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Brain and Cognitive Sciences
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Study Trip

Benjamin (first-year student Brain and Cognitive Sciences): "As the first block of our lives as Masters’ students ended, we set out as a cohort to explore the city of Nijmegen. In retrospect, I think this trip served two purposes. First, this was an opportunity to discover another Dutch neuroscience institution at the Radboud University. Second, this was a perfect time to strengthen our bonds as a cohort."

"During the first block out study was split into three distinct tracks. The lab-bound behavioural neuroscience students had spent their time dissecting fundamental questions through the use of electrodes, lasers, and Petrie dishes. Meanwhile, the cognitive science students had pondered the deep questions, while devising complex computational models. Somewhere in the middle of these two, us cognitive neuroscience students had spent our days exploring all the different ways that we could image the human brain through MRI, EEG, and much more.

In short, any person may have been a relative stranger to two-thirds of their peers. We had briefly been introduced in our first week-long intensive course, but we hadn’t had the time to form lasting bonds. After all, the next block had us each take our own electives in which we would interact with people from different tracks and even different programmes."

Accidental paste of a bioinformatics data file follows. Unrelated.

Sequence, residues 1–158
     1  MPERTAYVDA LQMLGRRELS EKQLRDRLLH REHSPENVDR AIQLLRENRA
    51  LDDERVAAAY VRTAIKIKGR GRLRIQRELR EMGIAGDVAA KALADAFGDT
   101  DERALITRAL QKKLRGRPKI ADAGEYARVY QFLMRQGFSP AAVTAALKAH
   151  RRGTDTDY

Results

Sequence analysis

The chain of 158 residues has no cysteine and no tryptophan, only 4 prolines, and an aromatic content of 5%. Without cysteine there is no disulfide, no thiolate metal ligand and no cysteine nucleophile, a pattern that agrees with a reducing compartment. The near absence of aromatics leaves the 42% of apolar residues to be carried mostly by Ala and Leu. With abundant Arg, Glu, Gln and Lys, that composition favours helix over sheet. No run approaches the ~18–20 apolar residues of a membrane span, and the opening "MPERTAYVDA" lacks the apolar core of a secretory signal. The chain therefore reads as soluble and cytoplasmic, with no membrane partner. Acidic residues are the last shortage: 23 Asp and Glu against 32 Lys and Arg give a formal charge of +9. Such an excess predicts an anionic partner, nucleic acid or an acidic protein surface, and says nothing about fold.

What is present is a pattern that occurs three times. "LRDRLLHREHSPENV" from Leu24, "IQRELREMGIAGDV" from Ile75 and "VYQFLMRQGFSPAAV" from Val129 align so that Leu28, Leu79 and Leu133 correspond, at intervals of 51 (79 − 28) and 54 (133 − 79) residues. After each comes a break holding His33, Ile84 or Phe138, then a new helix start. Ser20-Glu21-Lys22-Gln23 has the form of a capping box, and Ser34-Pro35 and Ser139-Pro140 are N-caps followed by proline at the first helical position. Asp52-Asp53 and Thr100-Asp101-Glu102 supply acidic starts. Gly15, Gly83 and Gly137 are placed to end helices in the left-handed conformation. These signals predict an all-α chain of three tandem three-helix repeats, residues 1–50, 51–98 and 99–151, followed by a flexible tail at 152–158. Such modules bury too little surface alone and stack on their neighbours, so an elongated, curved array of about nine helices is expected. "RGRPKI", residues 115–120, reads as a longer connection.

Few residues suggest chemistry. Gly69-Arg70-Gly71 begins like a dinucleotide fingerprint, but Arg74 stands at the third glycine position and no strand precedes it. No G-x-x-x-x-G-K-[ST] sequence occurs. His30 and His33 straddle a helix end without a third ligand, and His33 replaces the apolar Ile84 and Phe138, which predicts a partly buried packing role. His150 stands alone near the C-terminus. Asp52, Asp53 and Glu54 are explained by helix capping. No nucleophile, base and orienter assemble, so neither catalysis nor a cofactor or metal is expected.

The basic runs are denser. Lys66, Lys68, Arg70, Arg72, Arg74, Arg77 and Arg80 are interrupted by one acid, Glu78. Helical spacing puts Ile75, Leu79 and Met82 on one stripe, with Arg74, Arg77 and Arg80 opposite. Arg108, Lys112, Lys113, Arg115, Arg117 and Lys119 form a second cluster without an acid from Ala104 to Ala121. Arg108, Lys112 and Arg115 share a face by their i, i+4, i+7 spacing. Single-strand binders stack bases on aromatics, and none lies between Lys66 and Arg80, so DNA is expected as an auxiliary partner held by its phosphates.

I am glad to report that the Nijmegen trip was the perfect recipe for building lasting friendships Benjamin

"The trip highlights included a host of fascinating lectures at the Donders Institute, where we also met the Dondrite student committee, going for a run to the German border (it wasn’t very far), and cooking a frankly obscene number of pancakes for dinner one evening. The Freedom Museum and a day of exploring Nijmegen as a city were also welcome additions to the trip. In the end, the trip to Nijmegen was an incredibly enjoyable addition to the course that served the invaluable purpose of bringing our cohort closer together and establishing bonds that will carry us through the rest of the programme and beyond."